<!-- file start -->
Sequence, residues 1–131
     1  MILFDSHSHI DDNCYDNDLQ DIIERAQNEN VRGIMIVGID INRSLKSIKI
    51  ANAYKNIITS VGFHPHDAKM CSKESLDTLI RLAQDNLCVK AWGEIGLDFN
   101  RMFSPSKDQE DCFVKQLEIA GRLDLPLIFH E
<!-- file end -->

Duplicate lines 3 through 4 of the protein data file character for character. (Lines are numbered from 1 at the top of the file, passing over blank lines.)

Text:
    51  ANAYKNIITS VGFHPHDAKM CSKESLDTLI RLAQDNLCVK AWGEIGLDFN
   101  RMFSPSKDQE DCFVKQLEIA GRLDLPLIFH E